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What exactly is high-frequency trading? And is it bad?

What exactly is high-frequency trading? And is it bad?

We’ve listened carefully to our customers over the last few days. It’s been clear to me that the mechanics — plumbing if you’d prefer — of investing are not well understood. We are starting an occasional series of posts that I hope will inform, educate, and maybe entertain, on occasion.

Let’s begin with High Frequency Trading and PFOF. Both are much misunderstood.

As our frame we have to agree that technology changes the world. Brings us closer together, gives us access to information, impacts the fabric of society.

People for thousands of years have been trading and speeding up information flow to improve price efficiencies. In the 1800s, it took months to ship goods between Europe and America, leading to huge price differences. The first high-frequency traders in the middle of that century used the telegraph to better integrate the two markets and bring prices together.

Fast forward 150 years and you have massive microwave towers transmitting price information at the speed of light between New York and Chicago, the two largest trading centers in the U.S. As the speeds have increased, and the differences separating the high-frequency trading firms have narrowed, the market has experienced significant consolidation.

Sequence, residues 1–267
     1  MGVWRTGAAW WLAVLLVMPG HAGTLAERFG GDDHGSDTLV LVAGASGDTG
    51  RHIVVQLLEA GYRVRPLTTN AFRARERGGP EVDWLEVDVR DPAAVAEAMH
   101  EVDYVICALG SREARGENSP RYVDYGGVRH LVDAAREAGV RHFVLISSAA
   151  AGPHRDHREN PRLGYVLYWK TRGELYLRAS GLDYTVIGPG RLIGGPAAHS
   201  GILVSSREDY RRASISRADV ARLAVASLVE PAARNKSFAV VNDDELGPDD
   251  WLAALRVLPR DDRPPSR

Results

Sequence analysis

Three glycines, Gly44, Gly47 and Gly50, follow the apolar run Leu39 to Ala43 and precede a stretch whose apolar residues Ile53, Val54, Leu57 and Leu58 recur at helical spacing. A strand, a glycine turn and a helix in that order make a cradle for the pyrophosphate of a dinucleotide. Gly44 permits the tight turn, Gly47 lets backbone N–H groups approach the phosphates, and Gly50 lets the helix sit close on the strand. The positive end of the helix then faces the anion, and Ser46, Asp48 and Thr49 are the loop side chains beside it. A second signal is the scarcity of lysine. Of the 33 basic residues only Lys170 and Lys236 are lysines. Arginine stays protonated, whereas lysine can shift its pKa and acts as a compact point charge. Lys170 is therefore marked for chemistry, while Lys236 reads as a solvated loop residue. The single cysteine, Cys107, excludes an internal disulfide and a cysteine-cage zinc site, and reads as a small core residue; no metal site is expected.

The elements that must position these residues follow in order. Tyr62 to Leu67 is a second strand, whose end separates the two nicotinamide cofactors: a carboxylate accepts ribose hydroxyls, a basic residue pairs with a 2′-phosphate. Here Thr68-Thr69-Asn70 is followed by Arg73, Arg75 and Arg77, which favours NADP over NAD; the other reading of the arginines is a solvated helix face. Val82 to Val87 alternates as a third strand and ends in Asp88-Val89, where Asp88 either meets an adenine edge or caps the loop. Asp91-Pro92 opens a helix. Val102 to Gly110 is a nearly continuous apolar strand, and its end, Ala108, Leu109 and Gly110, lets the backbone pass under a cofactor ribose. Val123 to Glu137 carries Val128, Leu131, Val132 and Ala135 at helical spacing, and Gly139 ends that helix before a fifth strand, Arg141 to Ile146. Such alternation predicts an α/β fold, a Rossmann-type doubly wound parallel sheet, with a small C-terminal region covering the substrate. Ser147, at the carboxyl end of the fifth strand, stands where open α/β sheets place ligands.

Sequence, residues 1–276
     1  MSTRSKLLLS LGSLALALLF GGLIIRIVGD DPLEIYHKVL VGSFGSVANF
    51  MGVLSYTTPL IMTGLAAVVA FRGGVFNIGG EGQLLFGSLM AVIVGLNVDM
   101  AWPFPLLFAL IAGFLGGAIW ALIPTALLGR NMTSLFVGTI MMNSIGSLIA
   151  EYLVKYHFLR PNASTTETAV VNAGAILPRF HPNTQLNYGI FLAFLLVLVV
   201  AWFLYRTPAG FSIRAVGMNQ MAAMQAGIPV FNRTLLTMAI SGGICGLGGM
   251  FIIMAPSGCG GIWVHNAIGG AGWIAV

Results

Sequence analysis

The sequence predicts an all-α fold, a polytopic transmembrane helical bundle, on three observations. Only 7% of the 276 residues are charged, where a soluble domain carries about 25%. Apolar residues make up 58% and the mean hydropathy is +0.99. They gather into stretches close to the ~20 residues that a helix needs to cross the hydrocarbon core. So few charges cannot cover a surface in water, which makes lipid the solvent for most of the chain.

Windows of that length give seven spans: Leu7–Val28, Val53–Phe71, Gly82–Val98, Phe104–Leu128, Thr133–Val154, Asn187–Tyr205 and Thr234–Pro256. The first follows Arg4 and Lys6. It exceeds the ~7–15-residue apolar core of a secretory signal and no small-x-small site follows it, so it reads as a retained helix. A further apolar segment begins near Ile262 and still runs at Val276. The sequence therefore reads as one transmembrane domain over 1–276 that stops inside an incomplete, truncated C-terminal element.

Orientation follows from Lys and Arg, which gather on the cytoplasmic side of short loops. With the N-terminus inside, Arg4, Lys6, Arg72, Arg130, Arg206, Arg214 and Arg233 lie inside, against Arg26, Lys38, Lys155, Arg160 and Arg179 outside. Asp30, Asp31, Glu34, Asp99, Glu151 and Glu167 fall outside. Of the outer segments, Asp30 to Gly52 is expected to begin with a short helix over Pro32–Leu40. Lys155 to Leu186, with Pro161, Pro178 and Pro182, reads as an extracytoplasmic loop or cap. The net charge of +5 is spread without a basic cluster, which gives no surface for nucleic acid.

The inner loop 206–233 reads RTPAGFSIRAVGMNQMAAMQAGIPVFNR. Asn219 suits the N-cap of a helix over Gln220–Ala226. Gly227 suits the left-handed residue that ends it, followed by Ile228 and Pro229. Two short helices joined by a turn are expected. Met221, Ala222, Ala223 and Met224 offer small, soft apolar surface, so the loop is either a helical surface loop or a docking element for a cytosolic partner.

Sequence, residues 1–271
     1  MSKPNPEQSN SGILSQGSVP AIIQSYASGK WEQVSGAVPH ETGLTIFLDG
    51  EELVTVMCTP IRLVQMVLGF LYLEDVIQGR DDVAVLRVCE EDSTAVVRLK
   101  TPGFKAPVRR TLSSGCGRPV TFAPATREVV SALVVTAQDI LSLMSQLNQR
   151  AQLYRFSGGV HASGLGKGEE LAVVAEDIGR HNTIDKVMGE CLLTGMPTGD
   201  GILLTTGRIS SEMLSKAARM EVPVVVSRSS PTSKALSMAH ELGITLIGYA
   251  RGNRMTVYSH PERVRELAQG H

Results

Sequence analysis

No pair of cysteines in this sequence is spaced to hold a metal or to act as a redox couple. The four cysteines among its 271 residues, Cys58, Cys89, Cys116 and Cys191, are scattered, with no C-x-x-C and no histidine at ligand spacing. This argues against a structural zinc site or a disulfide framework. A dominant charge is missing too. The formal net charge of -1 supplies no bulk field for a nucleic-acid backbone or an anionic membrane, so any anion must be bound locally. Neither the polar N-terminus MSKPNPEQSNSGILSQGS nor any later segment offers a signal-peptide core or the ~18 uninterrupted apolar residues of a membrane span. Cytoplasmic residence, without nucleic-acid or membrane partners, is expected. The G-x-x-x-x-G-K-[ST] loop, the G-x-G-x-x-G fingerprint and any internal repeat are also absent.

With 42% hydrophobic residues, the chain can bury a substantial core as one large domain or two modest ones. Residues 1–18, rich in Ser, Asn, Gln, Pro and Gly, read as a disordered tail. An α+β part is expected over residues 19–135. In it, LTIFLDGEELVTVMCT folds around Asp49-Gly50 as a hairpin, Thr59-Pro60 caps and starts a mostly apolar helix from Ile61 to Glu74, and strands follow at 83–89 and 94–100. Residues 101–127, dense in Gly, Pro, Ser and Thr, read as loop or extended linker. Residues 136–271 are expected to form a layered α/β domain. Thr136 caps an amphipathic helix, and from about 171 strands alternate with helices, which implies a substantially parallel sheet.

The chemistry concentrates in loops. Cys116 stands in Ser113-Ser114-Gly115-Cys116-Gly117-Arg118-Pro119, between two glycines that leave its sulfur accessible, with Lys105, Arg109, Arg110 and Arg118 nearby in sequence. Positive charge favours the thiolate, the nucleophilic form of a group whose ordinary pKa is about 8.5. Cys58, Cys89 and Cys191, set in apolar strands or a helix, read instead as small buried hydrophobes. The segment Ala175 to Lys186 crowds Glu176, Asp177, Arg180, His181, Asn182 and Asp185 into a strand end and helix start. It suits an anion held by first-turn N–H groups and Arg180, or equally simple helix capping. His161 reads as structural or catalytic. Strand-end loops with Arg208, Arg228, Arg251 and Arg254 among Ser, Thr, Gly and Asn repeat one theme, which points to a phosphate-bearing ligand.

What does that mean for today’s investor?

A handful of large firms now execute the majority of trades in financial markets. Those so-called market makers can more efficiently process trades at a narrower band of prices. Among those who benefit? The everyday investor. Not only do people now avoid trade commissions, the competition to fill their trade orders often yield them a better price. That is what enables Robinhood to offer quality execution on trades — you can always check that on our website.

These benefits have been lost in the swell of misinformation about high-frequency trading, market makers and what’s known as payment for order flow (PFOF), a rebate that brokers receive from market maker firms for sending them trade orders for execution. Check out this video which breaks this down even more.

Our goal is to open access by reducing costs and building an intuitive mobile-first platform. We aim to be transparent about the industry we operate in, I hope you find this useful. In short, high frequency trading is just what you get when you apply technology to trading — getting data moving faster between trading centers will enhance the trading experience for us all.

Vlad Tenev is the CEO and Co-Founder of Robinhood Markets.

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